Heater, Becker, and Olson (as cited in White & Dudley-Brown, 2012, p. 65) admit that research findings reveal the influence of research-based nursing practice on patient outcomes. Research based on a meta-analysis evaluated the impact of the research-based nursing practice on patient outcomes if compared to usual nursing care. The analysis compared eighty-four studies, both published and unpublished. The independent nursing interventions were assessed and their outcomes were divided into areas of influence. They included behavioral, knowledge, physiological, and psychosocial outcomes (White & Dudley-Brown, 2012). The research resulted proved that “patients who received research-based nursing care had better outcomes than 72% of subjects who received routine, procedural nursing care” (White & Dudley-Brown, 2012, p. 66). However, evidence-based practices are not frequently integrated into the process of care by health care providers. During recent decades, there were attempts to bring the empiric knowledge obtained from the research results to practice and to narrow the gap between practice and theory inpatient care. Thus, among the first experiences of the evidence-based approach to care application was the development “of consistent expectations for the performance of cardiopulmonary resuscitation (CPR)” in the 1970s (White & Dudley-Brown, 2012, p. 66). These standards were aimed to empower training and testing the competency of health care providers. The limited research data on CPR together with the expert opinion became the basis for these standards. This intervention stimulated the development of similar standards in other fields (White & Dudley-Brown, 2012). They were helpful for nursing practice because they provided certain procedures applicable in this situation grounded on the research findings.

Even though there is a necessity to translate knowledge, not all research findings are translatable (Pearson, Jordan, & Munn, 2012). For example, Gravel et al. (as cited in Pearson, Jordan, & Munn, 2012, p. 4) single out some gaps which are obstacles to the successful translation of knowledge into the practice. Their obstacles include “the increasing volume of research evidence being produced, access to new evidence, the skills to appraise the quality of the evidence, time to locate and read the evidence, and the capacity to apply evidence (Pearson, Jordan, & Munn, 2012, p. 4) 2006). Knowledge translation can be treated as the process from initial discovery to the development of the intervention. Pearson, Jordan, & Munn (2012) distinguish three major gaps in translating research knowledge to practical implementation aimed at the improvement of patient outcomes and health care services (See Figure 1).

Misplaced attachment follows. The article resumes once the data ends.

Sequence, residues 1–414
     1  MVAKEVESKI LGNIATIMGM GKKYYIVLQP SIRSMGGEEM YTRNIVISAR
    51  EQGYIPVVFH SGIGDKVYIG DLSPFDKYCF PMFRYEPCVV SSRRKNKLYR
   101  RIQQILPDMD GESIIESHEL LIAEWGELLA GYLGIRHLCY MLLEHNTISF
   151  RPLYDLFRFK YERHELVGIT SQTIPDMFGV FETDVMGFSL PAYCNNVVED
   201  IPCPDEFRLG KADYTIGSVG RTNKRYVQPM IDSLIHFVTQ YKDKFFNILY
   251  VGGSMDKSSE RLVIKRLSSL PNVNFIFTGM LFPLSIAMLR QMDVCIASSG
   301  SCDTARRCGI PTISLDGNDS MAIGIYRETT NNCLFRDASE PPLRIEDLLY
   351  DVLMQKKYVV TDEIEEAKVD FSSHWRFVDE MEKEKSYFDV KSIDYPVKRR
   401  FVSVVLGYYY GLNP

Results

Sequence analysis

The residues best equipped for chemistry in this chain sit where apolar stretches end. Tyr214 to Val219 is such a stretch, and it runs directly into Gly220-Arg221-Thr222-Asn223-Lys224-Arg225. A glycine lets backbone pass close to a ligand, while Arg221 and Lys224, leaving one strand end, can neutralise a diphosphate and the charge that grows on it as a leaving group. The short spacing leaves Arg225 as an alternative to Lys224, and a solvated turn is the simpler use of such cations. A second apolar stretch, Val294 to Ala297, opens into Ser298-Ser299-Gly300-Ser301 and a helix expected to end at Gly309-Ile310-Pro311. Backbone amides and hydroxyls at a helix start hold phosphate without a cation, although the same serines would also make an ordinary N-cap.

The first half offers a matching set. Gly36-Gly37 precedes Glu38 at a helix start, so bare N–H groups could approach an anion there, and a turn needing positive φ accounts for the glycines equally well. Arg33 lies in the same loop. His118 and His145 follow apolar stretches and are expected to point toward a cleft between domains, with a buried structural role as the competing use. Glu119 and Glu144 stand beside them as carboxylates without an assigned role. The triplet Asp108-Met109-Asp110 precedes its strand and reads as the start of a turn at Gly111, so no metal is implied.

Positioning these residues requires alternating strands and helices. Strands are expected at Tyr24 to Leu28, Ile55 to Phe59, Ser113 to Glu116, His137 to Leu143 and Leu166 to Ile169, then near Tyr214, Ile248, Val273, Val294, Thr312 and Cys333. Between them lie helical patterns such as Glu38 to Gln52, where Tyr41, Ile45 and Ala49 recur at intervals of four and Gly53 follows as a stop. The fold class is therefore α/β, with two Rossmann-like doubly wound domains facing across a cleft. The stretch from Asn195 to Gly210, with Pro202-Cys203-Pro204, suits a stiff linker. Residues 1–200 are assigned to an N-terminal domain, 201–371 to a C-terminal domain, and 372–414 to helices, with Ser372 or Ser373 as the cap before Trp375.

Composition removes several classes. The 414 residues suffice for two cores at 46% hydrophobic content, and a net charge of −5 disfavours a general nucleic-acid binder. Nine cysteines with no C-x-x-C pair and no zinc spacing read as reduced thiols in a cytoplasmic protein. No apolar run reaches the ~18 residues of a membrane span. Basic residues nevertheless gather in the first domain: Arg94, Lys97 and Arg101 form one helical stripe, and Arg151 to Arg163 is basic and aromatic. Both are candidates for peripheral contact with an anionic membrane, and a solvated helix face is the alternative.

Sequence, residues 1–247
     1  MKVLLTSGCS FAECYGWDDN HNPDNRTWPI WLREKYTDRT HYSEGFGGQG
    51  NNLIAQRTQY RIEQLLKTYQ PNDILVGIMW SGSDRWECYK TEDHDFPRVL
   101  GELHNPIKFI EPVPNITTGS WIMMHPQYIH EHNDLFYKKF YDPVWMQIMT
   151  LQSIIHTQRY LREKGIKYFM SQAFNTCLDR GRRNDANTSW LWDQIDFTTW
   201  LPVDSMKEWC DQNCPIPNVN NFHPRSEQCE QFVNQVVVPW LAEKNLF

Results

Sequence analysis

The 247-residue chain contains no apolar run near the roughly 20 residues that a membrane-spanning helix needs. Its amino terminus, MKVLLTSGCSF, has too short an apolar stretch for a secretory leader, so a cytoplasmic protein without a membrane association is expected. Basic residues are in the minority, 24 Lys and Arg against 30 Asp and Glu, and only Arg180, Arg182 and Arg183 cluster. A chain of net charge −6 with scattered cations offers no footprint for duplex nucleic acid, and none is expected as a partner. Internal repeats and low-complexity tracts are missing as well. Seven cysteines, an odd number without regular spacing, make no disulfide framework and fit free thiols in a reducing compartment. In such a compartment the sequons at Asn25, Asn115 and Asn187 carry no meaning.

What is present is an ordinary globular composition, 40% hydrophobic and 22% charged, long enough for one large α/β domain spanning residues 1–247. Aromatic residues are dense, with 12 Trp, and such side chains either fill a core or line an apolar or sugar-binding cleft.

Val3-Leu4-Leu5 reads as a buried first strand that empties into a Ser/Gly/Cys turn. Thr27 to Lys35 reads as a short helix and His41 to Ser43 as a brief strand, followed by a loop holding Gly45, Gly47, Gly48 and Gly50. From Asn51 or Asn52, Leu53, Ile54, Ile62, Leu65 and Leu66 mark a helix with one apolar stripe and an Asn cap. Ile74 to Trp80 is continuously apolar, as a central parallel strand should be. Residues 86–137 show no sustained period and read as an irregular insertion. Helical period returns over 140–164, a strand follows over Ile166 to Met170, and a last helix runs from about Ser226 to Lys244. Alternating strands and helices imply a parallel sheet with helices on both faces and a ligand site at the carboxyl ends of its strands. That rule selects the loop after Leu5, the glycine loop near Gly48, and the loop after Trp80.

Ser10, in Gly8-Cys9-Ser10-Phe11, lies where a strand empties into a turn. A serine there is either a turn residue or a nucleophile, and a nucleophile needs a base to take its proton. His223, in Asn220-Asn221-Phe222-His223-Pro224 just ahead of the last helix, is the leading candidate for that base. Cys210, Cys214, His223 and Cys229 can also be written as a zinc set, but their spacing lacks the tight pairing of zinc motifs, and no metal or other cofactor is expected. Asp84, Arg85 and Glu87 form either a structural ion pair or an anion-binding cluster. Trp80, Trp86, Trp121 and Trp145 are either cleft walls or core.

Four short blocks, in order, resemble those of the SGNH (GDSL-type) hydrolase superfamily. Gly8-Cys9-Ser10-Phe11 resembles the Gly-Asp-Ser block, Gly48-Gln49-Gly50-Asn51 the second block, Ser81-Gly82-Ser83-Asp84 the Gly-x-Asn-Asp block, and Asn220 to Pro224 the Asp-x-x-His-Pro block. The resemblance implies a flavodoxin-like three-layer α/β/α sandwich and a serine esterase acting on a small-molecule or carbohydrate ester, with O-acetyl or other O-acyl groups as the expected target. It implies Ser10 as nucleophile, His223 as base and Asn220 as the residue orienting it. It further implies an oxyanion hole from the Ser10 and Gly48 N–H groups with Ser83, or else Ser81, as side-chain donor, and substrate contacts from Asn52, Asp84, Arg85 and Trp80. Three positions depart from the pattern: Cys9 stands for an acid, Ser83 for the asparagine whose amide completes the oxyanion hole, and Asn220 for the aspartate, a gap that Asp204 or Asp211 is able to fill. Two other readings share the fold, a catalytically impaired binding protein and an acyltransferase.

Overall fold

Three translation gaps in healthcare knowledge
Figure 1. Three translation gaps in healthcare knowledge (Pearson, Jordan, & Munn, 2012, p. 5).
  1. Gap 1: From Knowledge Need to Discovery. It is related to the gap between “knowledge needs” (according to the opinions of patients, community, clinicians, etc.), and the actions provided by scholars and researchers. ring the “discovery” process. Within this gap, it is advisable to select the topic which will stimulate “active collaboration between those conducting the research and the end-users of research (clinicians, patients, community) (Pearson, Jordan, & Munn, 2012, p. 4).